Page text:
There was a time, my young friends, when people went to baseball stadiums to watch baseball. Sadly, franchise owners no longer assume that is the ticket-buyer’s objective. They believe the reason you come to the ol’ ballpark is to put your dainty butt in a $100 seat and drink $10 beers. They also helpfully provide many distractions to keep you from noticing that a game is taking place on the field.
After all, if you’ve forked over that kind of money — not to mention what you paid for parking — why would you want to be annoyed by something as mundane as a game? So what if it’s a 2-and1 count and the hit-and-run may be on — who cares? “Look all around you, fans,” Major League Baseball now says, “there are many shiny signs all over this facility that will tell you when to clap and when to ‘make noise’. We even have electronic pictures of the players’ faces that are fifty feet high! That’s better than watching them from far away, isn’t it?”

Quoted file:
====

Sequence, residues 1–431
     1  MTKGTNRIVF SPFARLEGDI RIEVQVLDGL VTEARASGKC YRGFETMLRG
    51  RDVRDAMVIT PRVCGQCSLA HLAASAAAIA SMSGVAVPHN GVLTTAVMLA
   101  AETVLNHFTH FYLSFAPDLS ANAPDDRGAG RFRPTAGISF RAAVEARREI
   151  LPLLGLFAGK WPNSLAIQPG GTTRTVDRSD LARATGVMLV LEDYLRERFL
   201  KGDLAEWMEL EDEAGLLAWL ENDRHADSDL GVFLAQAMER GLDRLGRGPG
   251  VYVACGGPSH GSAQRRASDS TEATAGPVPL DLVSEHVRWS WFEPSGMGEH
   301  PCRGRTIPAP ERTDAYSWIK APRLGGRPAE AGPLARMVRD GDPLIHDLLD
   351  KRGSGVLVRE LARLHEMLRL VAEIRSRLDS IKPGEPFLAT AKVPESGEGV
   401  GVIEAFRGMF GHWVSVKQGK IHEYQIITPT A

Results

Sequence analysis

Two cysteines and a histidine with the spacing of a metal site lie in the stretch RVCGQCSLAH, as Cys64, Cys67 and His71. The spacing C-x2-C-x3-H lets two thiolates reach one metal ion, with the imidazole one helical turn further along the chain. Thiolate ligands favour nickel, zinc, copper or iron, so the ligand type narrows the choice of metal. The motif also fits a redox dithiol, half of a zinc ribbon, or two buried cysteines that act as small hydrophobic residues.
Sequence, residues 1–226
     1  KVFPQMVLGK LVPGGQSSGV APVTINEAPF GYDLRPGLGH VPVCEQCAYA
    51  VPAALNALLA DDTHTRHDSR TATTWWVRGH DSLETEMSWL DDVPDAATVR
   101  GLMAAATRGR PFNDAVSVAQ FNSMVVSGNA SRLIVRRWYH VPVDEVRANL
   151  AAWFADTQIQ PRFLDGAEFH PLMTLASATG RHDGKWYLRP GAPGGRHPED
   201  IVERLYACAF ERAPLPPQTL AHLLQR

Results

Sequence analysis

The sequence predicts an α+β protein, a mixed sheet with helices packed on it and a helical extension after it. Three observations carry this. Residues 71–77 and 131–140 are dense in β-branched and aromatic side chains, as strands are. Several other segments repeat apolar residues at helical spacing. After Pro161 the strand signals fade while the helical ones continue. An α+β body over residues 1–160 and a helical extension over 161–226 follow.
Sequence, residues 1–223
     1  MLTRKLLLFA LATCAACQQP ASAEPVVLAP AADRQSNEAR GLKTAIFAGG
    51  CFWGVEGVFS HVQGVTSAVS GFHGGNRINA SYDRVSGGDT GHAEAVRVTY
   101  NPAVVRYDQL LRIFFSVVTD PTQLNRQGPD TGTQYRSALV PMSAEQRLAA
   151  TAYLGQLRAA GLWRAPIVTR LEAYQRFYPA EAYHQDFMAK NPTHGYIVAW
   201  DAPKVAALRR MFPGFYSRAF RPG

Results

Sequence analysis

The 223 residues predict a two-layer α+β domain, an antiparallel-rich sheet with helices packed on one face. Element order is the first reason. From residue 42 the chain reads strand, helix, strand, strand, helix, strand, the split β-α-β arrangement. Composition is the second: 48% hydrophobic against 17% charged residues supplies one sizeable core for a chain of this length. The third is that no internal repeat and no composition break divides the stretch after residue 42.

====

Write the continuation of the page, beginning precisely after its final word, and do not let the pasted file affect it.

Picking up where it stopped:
I’ve been following baseball for many years, but it wasn’t until a recent visit to Yankee Stadium that I became aware for the first time that French’s is the official mustard of the New York Yankees. But there it was, on multiple message boards — a dietary preference that any true fan should know. As I bowed my head in shame at having been so ignorant of baseball lore, I missed seeing Mark Teixeira hit a three-run homer.
Electronic cannons thundered and millions of light-emitting diodes flashed. The runs were registered on the tiny part of the scoreboard that is actually devoted to keeping score. Hidden in all the advertising for soft drinks and other chemicals, the numbers were posted — but in tiny print, as though management was merely complying with a legal requirement, like that tag on your mattress.
Amid all the visual clutter and the racket from the multi-megawatt sound system, I could hear my inner voice whimpering, “I just want to watch the game.” These days, a stadium is a lousy place to do that.